The saliva and nasopharyngeal samples will be analysed by PCR according to the standard procedure.

The RDTs will be performed and results read according to the manufacturer information (see below). Alternatively one of the three following tests will be tested: RDT from Roche (Standard Q COVID-19, the RDT from Abbott (Panbio COVID-19 Ag) and the RDT from AAZ-LMB (COVID-VIRO).

The patient will be considered as positive for SARS-CoV-2 if any of the test results (by RDT, or PCR on saliva or nasopharynx) is positive.

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Study Type : Interventional  (Clinical Trial)
Estimated Enrollment : 1250 participants
Allocation: N/A
Intervention Model: Single Group Assignment
Intervention Model Description: 4 components Nasopharyngeal swab by PCR Nasopharyngeal swab by RDT Saliva by PCR Saliva by RDT
Masking: None (Open Label)
Primary Purpose: Diagnostic
Official Title: PCR and Rapid Diagnostic Test on Saliva and Nasopharyngeal Swabs for the Detection of SARS-CoV-2: a Comparative Clinical Trial
Actual Study Start Date : September 25, 2020
Estimated Primary Completion Date : December 31, 2020
Estimated Study Completion Date : December 31, 2020

Arm Intervention/treatment
Saliva and nasopharyngeal swabs
One patient will have 4 swabs taken, 2 saliva for PCR and RDT, 2 nasopharyngeal for PCR and RDT
Diagnostic Test: Rapid Diagnostic Test vs PCR
4 swabs taken, saliva for PCR and RDT, nasopharyngeal for PCR and RDT
Other Name: Saliva versus nasopharyngeal swab




Primary Outcome Measures :
  1. Proportion of SARS-CoV-2 positive patients for the two different sampling types (saliva vs nasopharyngeal) and two methods (RDT vs PCR) . [ Time Frame: 48 hours ]
    Number of SARS-CoV-2 positive patients by sampling type (saliva and nasopharyngeal swab) and analytical method (RDT and PCR)


Secondary Outcome Measures :
  1. Viral loads of SARS-CoV-2 by PCR on saliva and nasopharyngeal swabs [ Time Frame: 48 hours ]
    Ct values by PCR in saliva and nasopharyngeal swab



Information from the National Library of Medicine

Choosing to participate in a study is an important personal decision. Talk with your doctor and family members or friends about deciding to join a study. To learn more about this study, you or your doctor may contact the study research staff using the contacts provided below. For general information, Learn About Clinical Studies.


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Ages Eligible for Study:   18 Years and older   (Adult, Older Adult)
Sexes Eligible for Study:   All
Gender Based Eligibility:   Yes
Accepts Healthy Volunteers:   No
Criteria

Inclusion Criteria:

- Outpatient aged above 18 years who reports having at least one of the following symptoms: reported cough, reported fever, reported anosmia, or reported ageusia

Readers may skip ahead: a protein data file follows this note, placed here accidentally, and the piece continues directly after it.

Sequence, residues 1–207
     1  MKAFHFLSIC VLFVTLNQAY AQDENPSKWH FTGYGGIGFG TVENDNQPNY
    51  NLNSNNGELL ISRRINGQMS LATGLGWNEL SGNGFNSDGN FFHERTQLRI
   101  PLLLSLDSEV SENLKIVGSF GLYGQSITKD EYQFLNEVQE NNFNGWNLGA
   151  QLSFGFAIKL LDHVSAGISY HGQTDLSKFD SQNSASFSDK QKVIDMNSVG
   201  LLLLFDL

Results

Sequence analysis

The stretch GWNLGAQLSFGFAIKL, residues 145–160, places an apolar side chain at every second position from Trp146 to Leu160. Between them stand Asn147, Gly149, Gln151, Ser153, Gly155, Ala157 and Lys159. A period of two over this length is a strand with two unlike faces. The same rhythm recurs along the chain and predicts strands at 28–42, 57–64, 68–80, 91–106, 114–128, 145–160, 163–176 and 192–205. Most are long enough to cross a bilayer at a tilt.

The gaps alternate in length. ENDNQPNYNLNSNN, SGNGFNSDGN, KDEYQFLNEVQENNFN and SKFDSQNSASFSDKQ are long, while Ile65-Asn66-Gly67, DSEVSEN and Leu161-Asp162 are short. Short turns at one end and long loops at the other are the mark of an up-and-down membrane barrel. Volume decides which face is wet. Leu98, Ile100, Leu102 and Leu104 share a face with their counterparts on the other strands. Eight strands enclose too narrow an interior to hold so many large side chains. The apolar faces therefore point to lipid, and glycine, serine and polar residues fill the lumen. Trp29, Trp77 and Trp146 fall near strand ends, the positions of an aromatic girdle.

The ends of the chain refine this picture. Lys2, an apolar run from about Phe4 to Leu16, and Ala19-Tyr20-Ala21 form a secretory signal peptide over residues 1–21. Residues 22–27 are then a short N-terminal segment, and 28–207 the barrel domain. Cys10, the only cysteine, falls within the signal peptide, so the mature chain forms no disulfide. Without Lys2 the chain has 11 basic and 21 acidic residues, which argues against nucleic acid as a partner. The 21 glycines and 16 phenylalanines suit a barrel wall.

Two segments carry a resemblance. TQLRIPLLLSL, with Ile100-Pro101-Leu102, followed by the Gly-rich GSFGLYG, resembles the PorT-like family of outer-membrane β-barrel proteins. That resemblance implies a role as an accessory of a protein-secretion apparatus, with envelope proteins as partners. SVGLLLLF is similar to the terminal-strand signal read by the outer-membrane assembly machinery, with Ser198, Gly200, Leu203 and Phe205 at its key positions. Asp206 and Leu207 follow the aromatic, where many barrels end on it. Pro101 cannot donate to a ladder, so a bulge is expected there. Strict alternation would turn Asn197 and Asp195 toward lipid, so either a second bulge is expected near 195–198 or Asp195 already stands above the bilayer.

Exclusion Criteria:

  • Unwilling or incapable of informed consent
  • Hospitalized patients
  • Anticoagulation

Information from the National Library of Medicine

To learn more about this study, you or your doctor may contact the study research staff using the contact information provided by the sponsor.

Please refer to this study by its ClinicalTrials.gov identifier (NCT number): NCT04613310


Contacts
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Contact: Valérie D'Acremont, MD PhD +41 79 556 25 51 valerie.dacremont@unisante.ch
Contact: Blaise Genton, MD PhD +41 79 556 58 68 blaise.genton@unisante.ch

Locations
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Switzerland
Unisanté Recruiting
Lausanne, Vaud, Switzerland, 1011
Contact: Valerie D'Acremont, MD-PhD    +41 79 556 25 51    valerie.dacremont@unisante.ch   
Contact: Blaise Genton, MD-PhD    +41 79 556 58 68    blaise.genton@unisante.ch   
Principal Investigator: Valerie D'Acremont, MD-PhD         
Sub-Investigator: Blaise Genton, MD, PhD, MPH         
Sub-Investigator: Gilbert Greub, MD, PhD         
Sponsors and Collaborators
Center for Primary Care and Public Health (Unisante), University of Lausanne, Switzerland
Centre Hospitalier Universitaire Vaudois
Investigators
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Principal Investigator: Valérie D'Acremont, MD PhD Unisanté
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Responsible Party: Center for Primary Care and Public Health (Unisante), University of Lausanne, Switzerland
ClinicalTrials.gov Identifier: NCT04613310    
Other Study ID Numbers: 2020-02269
First Posted: November 3, 2020    Key Record Dates
Last Update Posted: November 12, 2020
Last Verified: November 2020

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Studies a U.S. FDA-regulated Drug Product: No
Studies a U.S. FDA-regulated Device Product: No
Keywords provided by Center for Primary Care and Public Health (Unisante), University of Lausanne, Switzerland:
COVID-19
SARS-CoV-2
Saliva
Rapid Diagnostic Test
Antigen
PCR